11.6 Fifth, there needs to be broader agreement among all States on what exactly constitutes the hearing and taking into account of the views of the child concerned. National legal systems vary significantly on whether and from which age a child’s views must be heard; often, this is further complicated when court proceedings are taking place in the jurisdiction of “origin” of the child, from which the child has been physically removed.Note However, it must also be kept in mind that the European Court of Human Rights has held that the 1980 Hague Child Abduction Convention does not grant a child the freedom to choose where he or she wishes to live.Note
11.7 Sixth and finally, agreed solutions to cross-border family disputes through specialised mediation services could do much to prevent the need for the application of the specialised legal instruments in the first place. All modern international and regional family law instruments encourage the amicable resolution of disputes. Most of these instruments thereby make an express reference to “mediation”. In parallel, a number of international and regional organisations, including the Council of Europe, have in the past years undertaken initiatives to promote cross-border family mediation, provide guidance and elaborate minimum standards in order to safeguard the quality of mediation.Note Probably the most detailed work on cross-border family mediation, including mediation in the context of international child abduction, has been undertaken by the Hague Conference on Private International Law. In 2010, a Working Group drew up the so-called “Principles for the establishment of mediation structures in the context of the Malta Process” aiming to set up contact points for international family mediation assisting individuals in finding specialised mediators and setting out general requirements for cross-border family mediation. In 2012, the Guide to Good Practice on Mediation in the context of the 1980 Hague Child Abduction Convention was published. However, problems have arisen concerning the cross-border recognition and enforceability of mediated agreements.Note For example, in France, the Central Authority proposes free-of-charge mediation services when it is seized of a case or when parents so request it, but only one in ten couples takes up the offer.Note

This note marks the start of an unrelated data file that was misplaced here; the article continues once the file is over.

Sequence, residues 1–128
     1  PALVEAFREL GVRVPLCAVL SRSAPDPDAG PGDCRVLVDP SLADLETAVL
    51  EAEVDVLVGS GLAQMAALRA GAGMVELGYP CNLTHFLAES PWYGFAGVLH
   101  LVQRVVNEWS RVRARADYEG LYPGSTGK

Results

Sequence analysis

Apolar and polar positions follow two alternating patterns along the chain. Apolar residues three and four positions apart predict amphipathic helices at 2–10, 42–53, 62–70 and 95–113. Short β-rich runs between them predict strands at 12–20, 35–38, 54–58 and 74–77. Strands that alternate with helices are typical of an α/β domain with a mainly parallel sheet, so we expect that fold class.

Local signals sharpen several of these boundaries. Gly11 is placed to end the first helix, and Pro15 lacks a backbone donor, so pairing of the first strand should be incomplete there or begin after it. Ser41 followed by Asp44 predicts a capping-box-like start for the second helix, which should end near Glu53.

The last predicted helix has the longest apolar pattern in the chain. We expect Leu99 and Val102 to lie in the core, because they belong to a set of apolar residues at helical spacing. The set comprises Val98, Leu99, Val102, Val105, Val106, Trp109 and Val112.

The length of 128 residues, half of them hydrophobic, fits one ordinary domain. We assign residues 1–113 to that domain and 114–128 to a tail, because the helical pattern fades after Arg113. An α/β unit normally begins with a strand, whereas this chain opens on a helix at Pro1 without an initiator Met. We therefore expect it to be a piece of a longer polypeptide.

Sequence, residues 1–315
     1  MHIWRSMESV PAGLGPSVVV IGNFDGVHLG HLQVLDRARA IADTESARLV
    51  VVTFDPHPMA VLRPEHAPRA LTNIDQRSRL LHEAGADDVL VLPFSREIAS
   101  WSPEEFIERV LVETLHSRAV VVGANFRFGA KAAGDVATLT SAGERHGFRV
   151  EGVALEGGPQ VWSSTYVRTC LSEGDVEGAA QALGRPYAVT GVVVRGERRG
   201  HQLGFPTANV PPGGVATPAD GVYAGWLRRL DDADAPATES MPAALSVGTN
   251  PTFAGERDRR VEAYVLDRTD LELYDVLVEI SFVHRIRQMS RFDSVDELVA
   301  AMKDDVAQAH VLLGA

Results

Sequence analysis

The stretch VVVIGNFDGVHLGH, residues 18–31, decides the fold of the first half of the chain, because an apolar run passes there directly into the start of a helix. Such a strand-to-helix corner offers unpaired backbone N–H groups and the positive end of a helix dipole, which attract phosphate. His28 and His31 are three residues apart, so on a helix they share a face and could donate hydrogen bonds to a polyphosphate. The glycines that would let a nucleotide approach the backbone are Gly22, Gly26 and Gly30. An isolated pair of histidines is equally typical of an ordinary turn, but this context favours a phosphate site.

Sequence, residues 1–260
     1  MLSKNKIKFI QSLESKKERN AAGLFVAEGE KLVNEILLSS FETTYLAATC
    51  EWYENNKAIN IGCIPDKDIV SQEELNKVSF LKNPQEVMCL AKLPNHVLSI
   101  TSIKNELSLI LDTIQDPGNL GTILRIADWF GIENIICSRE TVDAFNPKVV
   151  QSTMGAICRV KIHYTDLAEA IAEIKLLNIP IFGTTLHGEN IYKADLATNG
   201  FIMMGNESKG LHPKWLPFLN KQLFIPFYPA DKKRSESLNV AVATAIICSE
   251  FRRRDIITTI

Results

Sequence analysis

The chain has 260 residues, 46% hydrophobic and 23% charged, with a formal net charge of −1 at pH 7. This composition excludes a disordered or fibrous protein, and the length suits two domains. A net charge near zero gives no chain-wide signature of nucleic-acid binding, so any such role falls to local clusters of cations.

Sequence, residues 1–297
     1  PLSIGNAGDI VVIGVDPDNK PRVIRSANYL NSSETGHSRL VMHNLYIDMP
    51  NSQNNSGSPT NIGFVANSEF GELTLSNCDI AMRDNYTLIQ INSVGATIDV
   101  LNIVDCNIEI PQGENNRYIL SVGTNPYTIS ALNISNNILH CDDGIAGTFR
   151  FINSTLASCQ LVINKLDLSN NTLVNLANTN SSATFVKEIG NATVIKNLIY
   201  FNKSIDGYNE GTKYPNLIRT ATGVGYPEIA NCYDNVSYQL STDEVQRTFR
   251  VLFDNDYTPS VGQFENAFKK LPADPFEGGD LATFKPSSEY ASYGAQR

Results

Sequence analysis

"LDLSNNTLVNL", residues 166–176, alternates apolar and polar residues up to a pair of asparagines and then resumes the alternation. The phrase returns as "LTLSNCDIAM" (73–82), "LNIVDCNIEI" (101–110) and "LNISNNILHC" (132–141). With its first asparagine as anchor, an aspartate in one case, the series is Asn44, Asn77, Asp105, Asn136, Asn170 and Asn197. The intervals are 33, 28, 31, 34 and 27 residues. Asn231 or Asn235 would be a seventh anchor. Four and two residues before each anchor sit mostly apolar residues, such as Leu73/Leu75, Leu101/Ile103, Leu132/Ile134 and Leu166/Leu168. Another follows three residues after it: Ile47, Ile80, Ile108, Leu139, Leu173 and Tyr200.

4 Conclusions and recommendations

12. The six problems identified in the previous chapter are those to which solutions need to be found. Thus, my recommendations focus on ways of:
  • making the enforcement of a parental responsibility decision abroad simpler, speedier and less costly;
  • widening the geographical scope of the key legal instruments and ensuring their proper application in all countries bound by them;
  • better dealing with cases in which the abducting/non-returning parent is the primary or sole carer of the child/ren concerned;
  • ensuring a proper specialisation of professionals concerned, and better co-operation between the Central Authority and other national authorities;
  • seeking to guarantee that the view of the child concerned is heard and taken into account in an adequate manner;
  • promoting properly (and internationally) recognised mediation services and agreements in cross-border parental responsibility conflicts.